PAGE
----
Today I had a challenge with some technology that affects our firm. The key issue is we are paying for poor performing technology, so I contacted the service provider to discuss the issues that we are having.
In my initial interaction with the service provider, I asked if we could receive some sort of partial credit because of the extended dysfunction and lack of an acceptable base performance level of our devices.
Based upon the answers from multiple customer service personnel, the problem is systemic, and its resolution cannot be immediate.
The intangible or factor X that could have been used to maintain my firm’s business is professional courtesy or in layman’s terms “being nice and kind.” The costs to being nice are negligible as it pertains to the end game; maintaining business continuity through customer retention and ongoing revenue generation.
We all look to provide a product that would evoke these types of feelings from an employee and also prospective customers:
- A more optimistic and happier outlook on life
- A heightened sense of well being
- A sense of exhilaration, euphoria and increase in energy
- A feeling of being healthy
- Decreased feelings of loneliness, depression and helplessness
- A greater sense of calmness and relaxation and increased longevity
- Better weight control and a stronger immune system
- A reduction in pain and increased body warmth
- A healthier cardiovascular system (reduction of high blood pressure, improved circulation, reduced coronary disease)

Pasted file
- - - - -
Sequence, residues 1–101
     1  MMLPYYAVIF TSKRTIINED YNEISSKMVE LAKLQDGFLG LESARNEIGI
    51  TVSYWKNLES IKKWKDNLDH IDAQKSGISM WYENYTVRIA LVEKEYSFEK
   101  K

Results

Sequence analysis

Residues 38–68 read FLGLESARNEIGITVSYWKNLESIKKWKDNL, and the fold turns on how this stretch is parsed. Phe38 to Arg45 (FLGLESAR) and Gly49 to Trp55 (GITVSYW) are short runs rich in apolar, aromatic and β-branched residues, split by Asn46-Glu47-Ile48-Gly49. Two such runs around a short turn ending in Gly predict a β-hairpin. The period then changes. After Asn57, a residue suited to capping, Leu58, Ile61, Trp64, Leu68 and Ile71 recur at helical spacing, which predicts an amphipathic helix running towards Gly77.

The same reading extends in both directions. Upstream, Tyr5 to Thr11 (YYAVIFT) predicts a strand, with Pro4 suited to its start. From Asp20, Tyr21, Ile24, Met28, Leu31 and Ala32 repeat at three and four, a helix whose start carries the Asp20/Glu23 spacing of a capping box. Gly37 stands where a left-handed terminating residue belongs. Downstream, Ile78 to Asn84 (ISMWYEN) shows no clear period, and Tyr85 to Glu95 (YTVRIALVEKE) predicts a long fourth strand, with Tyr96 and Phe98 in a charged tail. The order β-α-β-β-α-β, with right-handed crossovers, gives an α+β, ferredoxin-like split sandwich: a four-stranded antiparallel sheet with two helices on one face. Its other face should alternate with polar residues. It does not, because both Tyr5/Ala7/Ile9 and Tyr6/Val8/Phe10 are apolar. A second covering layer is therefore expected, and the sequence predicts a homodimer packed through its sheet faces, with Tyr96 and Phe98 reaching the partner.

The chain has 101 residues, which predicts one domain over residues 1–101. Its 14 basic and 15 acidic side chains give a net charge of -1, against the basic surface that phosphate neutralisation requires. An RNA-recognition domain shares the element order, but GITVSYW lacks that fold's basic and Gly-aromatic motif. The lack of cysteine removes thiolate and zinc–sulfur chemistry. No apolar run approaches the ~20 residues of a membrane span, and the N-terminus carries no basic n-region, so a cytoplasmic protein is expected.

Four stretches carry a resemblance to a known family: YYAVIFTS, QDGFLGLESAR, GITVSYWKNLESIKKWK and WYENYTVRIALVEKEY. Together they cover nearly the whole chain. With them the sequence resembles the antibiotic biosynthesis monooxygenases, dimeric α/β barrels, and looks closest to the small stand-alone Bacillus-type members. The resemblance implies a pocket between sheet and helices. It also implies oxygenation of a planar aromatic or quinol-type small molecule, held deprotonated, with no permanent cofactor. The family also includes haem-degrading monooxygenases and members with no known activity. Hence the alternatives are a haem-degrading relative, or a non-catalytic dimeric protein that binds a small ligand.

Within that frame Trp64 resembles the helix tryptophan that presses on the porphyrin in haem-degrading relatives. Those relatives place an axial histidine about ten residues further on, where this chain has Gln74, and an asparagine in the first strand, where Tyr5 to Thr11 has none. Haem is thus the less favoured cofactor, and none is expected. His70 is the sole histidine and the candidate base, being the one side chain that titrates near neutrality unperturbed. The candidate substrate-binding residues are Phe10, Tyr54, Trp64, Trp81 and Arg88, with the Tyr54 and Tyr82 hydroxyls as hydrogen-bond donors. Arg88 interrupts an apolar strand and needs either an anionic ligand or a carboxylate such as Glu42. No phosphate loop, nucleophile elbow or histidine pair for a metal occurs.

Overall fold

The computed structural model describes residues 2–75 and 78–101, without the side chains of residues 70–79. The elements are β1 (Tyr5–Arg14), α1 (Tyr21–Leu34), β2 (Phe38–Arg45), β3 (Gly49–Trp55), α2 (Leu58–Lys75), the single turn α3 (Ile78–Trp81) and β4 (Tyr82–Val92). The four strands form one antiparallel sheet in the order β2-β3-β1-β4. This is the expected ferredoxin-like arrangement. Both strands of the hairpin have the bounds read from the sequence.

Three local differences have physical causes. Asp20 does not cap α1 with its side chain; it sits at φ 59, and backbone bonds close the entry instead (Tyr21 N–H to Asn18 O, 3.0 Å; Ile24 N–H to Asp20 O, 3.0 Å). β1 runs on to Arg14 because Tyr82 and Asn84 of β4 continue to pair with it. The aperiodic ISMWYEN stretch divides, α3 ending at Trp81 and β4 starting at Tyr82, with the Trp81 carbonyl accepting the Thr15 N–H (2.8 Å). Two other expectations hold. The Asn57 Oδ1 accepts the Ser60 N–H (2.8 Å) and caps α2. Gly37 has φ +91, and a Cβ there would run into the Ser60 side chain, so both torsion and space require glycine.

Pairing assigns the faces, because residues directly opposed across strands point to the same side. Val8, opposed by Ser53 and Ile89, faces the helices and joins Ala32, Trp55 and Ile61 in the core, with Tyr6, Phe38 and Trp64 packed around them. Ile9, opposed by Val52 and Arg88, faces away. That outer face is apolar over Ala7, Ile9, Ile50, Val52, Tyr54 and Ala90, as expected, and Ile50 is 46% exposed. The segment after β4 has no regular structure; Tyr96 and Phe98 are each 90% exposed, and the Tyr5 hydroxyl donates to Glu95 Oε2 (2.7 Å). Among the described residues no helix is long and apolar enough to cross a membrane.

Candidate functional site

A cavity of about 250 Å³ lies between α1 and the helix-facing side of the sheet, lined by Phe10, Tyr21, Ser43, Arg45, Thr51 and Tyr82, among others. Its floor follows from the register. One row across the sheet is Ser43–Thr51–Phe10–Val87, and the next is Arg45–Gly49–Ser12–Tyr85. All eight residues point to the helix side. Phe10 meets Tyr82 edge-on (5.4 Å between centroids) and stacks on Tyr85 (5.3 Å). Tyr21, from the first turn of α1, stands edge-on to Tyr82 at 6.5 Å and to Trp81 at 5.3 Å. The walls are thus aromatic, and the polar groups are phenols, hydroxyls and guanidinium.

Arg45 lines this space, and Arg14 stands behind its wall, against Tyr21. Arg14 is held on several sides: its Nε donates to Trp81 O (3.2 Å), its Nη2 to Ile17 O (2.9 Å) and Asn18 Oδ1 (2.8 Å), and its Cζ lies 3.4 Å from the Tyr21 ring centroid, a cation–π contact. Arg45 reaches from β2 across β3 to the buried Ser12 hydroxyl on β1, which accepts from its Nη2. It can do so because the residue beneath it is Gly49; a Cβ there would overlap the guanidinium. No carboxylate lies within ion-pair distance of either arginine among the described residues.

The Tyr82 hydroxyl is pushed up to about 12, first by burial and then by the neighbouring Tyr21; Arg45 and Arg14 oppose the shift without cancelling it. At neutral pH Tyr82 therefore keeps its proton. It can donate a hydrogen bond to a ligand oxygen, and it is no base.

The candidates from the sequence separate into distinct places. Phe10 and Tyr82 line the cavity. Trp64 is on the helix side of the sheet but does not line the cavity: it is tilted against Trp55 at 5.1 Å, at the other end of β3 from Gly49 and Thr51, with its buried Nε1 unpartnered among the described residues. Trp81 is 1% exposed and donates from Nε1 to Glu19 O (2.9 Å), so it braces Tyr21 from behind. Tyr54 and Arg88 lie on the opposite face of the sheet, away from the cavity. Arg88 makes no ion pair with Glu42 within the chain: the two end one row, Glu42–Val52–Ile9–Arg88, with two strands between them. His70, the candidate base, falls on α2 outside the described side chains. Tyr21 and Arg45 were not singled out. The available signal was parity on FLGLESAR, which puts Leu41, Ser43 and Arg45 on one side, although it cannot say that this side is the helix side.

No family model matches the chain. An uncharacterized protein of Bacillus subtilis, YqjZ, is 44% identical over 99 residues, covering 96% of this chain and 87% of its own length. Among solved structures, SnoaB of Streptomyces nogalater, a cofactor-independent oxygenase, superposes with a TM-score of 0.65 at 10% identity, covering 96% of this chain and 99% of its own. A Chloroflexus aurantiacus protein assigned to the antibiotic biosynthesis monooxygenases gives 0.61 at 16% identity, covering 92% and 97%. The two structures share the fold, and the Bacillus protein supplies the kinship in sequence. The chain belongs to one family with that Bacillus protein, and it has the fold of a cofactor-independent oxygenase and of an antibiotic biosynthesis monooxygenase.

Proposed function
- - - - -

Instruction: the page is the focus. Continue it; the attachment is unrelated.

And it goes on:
- A reduction of excessive stomach acid
- Relief from arthritis and asthma
- Speedier recovery from illness and surgery
- Reduced cancer activity
According to “The Healing Power of Doing Good” (Fawcett Columbine, 1991) written by Allan Luks and Peggy Payne, being kind and helpful creates the aforementioned responses. You mean I can provide my customers with a pleasurable experience, even though my product or service may have failed them? Yes! Those aforementioned feelings translate to a retained customer who could not only be sympathetic to your service or product challenge, but cause them to be stubbornly adhered to you as a goods and services provider.
I encourage executives to nurture an environment where people are treated nicely. Train and develop your technicians, secretaries, delivery persons, janitors, executives and contractors representing you or your product to make kindness and respect as much of a product offering as the goods and services you provide.
Clearly, there are steps and methodologies to develop a culture of kindness; and it may require the need for organizational behavior modification; but I promise you this: Your share value will not have decreased by 7%, and your choice clients will not have left to the tune of 259,000 customers, while you are investing billions of dollars in infra-structure improvements, and taking on a product line with a calculated short-term profit loss strategy; only to have a customer response team drive off the very patrons you are taking these risks to attract and retain.
Be intentionally nice, be intentionally kind; there is profit, stability and growth in the behavior.
Written By: Gregory Timmons, Senior Partner